The characters who don’t come from the city have a different relationship to their own identities. The idle rich, as they are repeatedly called, have known from birth who they forever will be, and they appear to have been sent to Vassar for four or five years of lightly controlled slumming. Charlie believes he couldn’t be more different from Mick, but Mary treats them both as novel examples of underclass, playthings. She won’t marry either, and neither will her friends. Soon they’ll both just be memories. Though they’ve learned to act like just about anyone, they’re barred by gates that can be crossed only at birth. In one notable scene, Mick and Charlie come to visit Mary’s photography exhibition. She’s doing vernacular photography, making portraits of “normal people.” Without the good sense to be outraged by her elitism, the pair pose for a picture. Charlie is visibly uncomfortable being lumped in with the normal people, and Mick holds him in frame with a bullying embrace and the smile of a genuine prom king. We never see the finished photograph, since to Mary it’s just another piece of paper for her fine arts requirement.
“Fucking rich people,” the trio exclaim a few times about their new friends, describing everything from a lament to a hobby. Leo, the leader of the patrician clique, infuriates everyone but Mary, whom he has known since birth. He has a plane, so he rarely needs to apologize. In a fine montage, the group takes the plane to the Hamptons. They splash on the beach, harkening back to Gerald and Sara Murphy’s 1920s French Riviera paradise. Everyone belongs—they are all guests of Leo. It’s easy to fall in love on vacation, the montage shows. And it’s easy to fall in love with the charmed poise of the Brahmin. Leo takes advantage of people at every turn, exacting favors that will ruin his cohorts’ lives. He is viciously unconcerned with what happens to the people around him. His trust fund will always attract replacements. Whose crimes are worse, the film asks, Leo’s or Mick’s?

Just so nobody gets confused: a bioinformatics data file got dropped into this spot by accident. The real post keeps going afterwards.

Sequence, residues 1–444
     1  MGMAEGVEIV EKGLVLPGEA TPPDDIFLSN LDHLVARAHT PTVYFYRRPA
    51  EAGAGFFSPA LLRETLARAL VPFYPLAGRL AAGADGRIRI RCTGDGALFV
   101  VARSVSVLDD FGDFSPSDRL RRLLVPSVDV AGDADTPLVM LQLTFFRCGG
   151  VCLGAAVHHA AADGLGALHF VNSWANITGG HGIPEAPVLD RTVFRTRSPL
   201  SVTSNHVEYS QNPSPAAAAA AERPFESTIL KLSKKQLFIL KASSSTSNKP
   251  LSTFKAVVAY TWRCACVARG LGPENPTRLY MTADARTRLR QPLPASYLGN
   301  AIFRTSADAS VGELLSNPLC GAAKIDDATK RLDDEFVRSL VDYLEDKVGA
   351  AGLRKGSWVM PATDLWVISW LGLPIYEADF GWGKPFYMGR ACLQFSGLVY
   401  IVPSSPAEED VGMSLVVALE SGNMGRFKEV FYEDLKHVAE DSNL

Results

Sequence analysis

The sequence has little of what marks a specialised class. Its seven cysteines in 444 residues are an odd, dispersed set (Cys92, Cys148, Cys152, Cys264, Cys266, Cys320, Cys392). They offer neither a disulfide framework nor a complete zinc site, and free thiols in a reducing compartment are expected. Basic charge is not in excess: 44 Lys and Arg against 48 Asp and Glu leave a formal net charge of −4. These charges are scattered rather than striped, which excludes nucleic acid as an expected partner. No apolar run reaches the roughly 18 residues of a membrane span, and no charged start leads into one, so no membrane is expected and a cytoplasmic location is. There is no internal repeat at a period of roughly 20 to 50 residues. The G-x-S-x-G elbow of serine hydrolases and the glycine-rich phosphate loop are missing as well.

The Education of Charlie Banks presents many such deep questions in the terribly sincere manner of Freshman ethics. Great books are cited throughout the film, from Eichmann in Jerusalem to The Great Gatsby. The references edge toward the irritating, but hold back. The undergraduate self-conscious reliance on their source material is true to life, as is their approach-avoidance relationship to Mick. “The Noble Savage Act is growing old,” Leo quips, before Mick gives him a much deserved punch in the jaw. Everyone is astonished by the intrusion of physical violence into the ivory tower, but it’s not what brands Mick as out of place. Far more telling is that when Mick tries to woo Mary with Derrida, he can’t for the life of him employ the text as a tool of seduction.
Both the fight and the quotations are hackneyed, but within the tightly constructed point-of-view of the film, they work. We see Mick through Charlie’s eyes, and he fights like a dancer in West Side Story. Though Charlie watches Mick send a man into a coma in the first scene of the film, he never really understands the immediacy of violence. All his booklearning has taught Charlie too much of the relativism of psychology and history to proclaim anyone as evil. What sort of man Charlie will become once he acknowledges and stands up to evil is a question not satisfyingly resolved. But I could say that of most of us.
The opinions expressed by Walter Matthau are his own and do not represent the views of the editors of the Brooklyn Rail or Sarahjane Blum.